Spring Workshop resides in Wong Chuk Hang, the quintessential post-industrial Hong Kong landscape which is now transforming rapidly into a community of creative inhabitants occupying the factory floors. Comprised of hundreds of incredibly thin metallic bamboo poles, The Industrial Forest acknowledges the origin of Wong Chuk Hang’s heritage by translating the yellow bamboo that used to grow there into a new landscape. Each filament is removable, with the potential to carve out a void from within the dense forest of landscape. Over a series of months the installation will be altered to accept significant crowds or be arranged to restrict access to the site.
As an urban forest, it is configured to obscure the industrial buildings surrounding it to carefully frame the sky above. Located on the terrace of Spring Workshop, it aligns with the datum set by the traffic on the neighbouring elevated highway. Viewing the installation from the highway has a hypnotic effect, as the forest appears to simultaneously blend into and be displaced by the industrial landscape surrounding it. Along the walls of the terrace is a mirrored surface that falsely duplicates and replicates the field of geometric poles, providing the illusion of depth and substance where there is none. The grass on the ground is completely artificial, meticulously crafted to show the imperfections of real grass, the yellowing, the patchiness, the deterioration – it was originally created to reflect the result of a long-term drought brought about by global warming. Our grass is no longer green and so neither is our fake grass, the synthetic nature mirrors the conditions of our natural environment oscillating between artifice and nature. But the manufactured grass is too perfectly imperfect, never muddied or soiled, never allowing variations with the seasons or reacting to local conditions. It is too consistent to be real. Unlike the synthetic grass, our forest reacts to its environment. The weight of a single spectator causes the poles to bend slightly, reacting directly to the presence of the visitor. They are so slender that they blow in the wind, providing an indication of the local wind velocity and trajectory. The tip of each pole illuminates during the evening: a hazy reddish-orange colour if the pollution levels are extremely high, white for normal conditions, and a crisp blue for exceptionally clear skies. Powered by a photovoltaic panel, if the skies are too dark during the day the lights fail to illuminate at all. The Industrial Forest invites interpretation and recurrent transformation. Within the installation multiple experimental inquiries will be created, reacting to the seasonal changes. Herbal gardens with local Chinese values and symbols will be injected and experimental sound components will be added enhancements to the artificial bamboo filaments, building new dialogues to examine the complexity of artifice and nature.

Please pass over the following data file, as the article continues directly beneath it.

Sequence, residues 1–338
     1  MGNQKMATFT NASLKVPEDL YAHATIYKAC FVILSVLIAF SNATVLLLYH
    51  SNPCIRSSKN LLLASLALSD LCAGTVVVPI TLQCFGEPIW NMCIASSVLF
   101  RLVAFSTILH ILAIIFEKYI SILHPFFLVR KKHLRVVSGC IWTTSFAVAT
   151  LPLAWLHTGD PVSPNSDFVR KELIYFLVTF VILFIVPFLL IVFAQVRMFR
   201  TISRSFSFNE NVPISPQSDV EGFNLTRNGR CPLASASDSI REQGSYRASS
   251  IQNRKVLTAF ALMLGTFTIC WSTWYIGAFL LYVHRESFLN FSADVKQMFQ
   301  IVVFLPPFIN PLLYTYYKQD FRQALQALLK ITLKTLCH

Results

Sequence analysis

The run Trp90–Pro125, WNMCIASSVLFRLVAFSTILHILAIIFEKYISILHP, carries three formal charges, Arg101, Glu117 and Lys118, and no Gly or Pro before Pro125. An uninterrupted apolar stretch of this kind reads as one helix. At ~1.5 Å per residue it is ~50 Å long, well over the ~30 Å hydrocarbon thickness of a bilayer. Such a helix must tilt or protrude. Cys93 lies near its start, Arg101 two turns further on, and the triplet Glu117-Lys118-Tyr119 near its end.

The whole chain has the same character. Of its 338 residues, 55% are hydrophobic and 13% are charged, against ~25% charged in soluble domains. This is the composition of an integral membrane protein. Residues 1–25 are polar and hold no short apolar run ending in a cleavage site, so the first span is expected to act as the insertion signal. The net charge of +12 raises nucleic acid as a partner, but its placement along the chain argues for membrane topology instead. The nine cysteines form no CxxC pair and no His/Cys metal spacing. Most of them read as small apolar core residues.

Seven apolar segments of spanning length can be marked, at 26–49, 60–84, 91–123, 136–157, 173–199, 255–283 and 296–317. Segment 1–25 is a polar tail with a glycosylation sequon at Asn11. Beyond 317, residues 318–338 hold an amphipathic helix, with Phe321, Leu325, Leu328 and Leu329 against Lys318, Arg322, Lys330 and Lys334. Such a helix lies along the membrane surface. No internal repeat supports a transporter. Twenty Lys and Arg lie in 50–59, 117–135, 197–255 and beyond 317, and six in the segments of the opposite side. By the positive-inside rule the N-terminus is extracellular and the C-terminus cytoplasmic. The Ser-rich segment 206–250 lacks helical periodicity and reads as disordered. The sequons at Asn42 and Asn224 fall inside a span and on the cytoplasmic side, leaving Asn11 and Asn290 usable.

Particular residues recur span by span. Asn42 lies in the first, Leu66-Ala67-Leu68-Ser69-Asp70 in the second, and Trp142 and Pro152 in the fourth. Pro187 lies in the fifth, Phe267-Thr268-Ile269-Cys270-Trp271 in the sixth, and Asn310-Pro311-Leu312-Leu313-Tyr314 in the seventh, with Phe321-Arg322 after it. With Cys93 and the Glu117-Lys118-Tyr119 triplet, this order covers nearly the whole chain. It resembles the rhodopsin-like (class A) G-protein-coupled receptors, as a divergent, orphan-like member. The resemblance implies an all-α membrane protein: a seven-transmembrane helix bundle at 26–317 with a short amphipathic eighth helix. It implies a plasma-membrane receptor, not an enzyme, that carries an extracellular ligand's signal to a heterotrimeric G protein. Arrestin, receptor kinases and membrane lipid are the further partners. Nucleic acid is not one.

ESKYIU’s Industrial Forest was commissioned by Spring, an arts space committed to an international cross-disciplinary program of artist and curatorial residencies, exhibitions, music, film and talks.
Featured in Wallpaper*. The interactive ‘forest’ will evolve with new experiences. More details here.
Profiled in the South China Morning Post newspaper article entitled, “Design duo foster debate on the built environment” More details here.
Featured in ARTINFO article, “Very Real Fake Nature in the Industrial Forest Installation” by Zoe Li. More details here.
Location: Highway terrace of Spring in Wong Chuk Hang, Hong Kong. More details here.
Date: February 28th 2013 – Ongoing
Lead Designers: Eric Schuldenfrei and Marisa Yiu.
Project Team: Maggie Hua, Enid Xuezhu Tian, Aaron Kuan, Wilton Ip.
The Industrial Forest film:
Film created by Eric Schuldenfrei, Marisa Yiu and Richard Andersen.